Awakening to our still deserted State Park on Wednesday morning we headed off to paddle another eastern shore gem, Tuckahoe Creek. Tuckahoe Creek is a small, twisty Duckhead delight. The Tuckahoe watershed holds water well, so it is nearly always floatable. It runs sandwiched between Tuckahoe State Park and the Adkins Arboretum, so the intrusion of human development is nil. Even the shuttle is a plus, short, straightforward and easy.

Having witnessed the boys tendency towards brotherly shenanigans on Watts Creek – one favorite trick was to paddle swiftly up behind yon brother’s boat until the bow was beside the lead boat’s stern, then suddenly sweep the paddle wide and spin the lead boat off into the spider-covered bankside foliage – we decided it would be best on this small, twisty and heavily wooded creek if some sibling cushion was provided, and so our order of passage was Tyler, Mike, Cooper, Diane.

We maintained this order down to the halfway point at the Pee Wee Trail footbridge, a fine level & open spot for a picnic and a surprisingly deep and cool swimming hole as well. Putting back on after a lengthy lunch and swim we altered that order and Cooper lead us down to the take out.

Given the twists, turns and tricky nature of this diminutive creek both boys did quite well as leaders and we are all indebted to those sawyers gone before us whose work was evident; not a strainer to be found, only a few speedbump logs and (Diane counted ‘em) 17 limbo logs, most of which were easily passable with just a bit of hunch and scrunch.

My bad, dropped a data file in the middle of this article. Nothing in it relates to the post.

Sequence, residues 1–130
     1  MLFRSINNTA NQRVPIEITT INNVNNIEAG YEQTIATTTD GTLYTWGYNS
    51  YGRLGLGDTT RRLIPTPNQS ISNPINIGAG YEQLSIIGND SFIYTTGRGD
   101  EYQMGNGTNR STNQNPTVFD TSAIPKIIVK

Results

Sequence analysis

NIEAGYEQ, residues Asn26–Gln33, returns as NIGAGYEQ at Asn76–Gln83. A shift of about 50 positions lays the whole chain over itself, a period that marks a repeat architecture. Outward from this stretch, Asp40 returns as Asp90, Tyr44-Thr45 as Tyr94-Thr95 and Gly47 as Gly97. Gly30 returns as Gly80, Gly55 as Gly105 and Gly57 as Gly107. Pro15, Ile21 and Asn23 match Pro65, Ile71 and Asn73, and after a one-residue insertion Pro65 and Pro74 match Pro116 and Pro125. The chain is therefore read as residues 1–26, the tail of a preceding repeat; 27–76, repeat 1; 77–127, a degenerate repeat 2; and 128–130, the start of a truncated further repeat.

Driving the backshuttle we came upon a family standing beside their well and truly stuck conversion van, dad having backed the rear wheels into a ditch during a three-point turn. A Park Ranger was in attendance but his helpfulness was limited to directing traffic.

I hopped out, retrieved the towing chain and cable from the bed of my truck and coerced the ranger into giving them a pull with his 4WD pickup. He looked doubtful and made the stuck driver sign a release while I hooked them up and cleared the family away from the chain and cable in case anything snapped.

The Ranger took the slack out of the cable, eased forward in 4-wheel low and the van came out of the muddy ditch with a giant mud-sucking schluuppp, much to the amazement of both the van driver and the ranger. I was soon packed up and back on my way, confident that two more people would soon be buying towing cables to keep in their vehicles. (@$20 at a Walmart or auto parts place…and I use mine a couple times a year)

All in all a right fair trip. We learned a trick about blind selection of campsites. The boys each got to lead on a tricky swamp creek. The value of keeping a towing cable in the car was imparted to more folks in need. Aside from one 3am cloudburst the weather was unexpectedly fine. Good call on the change of venue; New Jersey bore the brunt of the storms, getting a 12” deluge that burst 5 dams along the Cooper River. And the Paw Paw Bends section will be there next time we’re up for a quickie canoe camper.

Accommodations:

State Park campground facilities at the put ins for both Watts Creek and Tuckahoe Creek.

Directions:

From Rte 404 in Denton Maryland follow the signs to Martinak State Park to reach the Watts Creek put in. To reach the Tuckahoe Creek put in follow the signs from Rte 404 in Hillsboro to Tuckahoe State Park.

Resources:

Maryland and Delaware Canoe Trails by Ed Gertler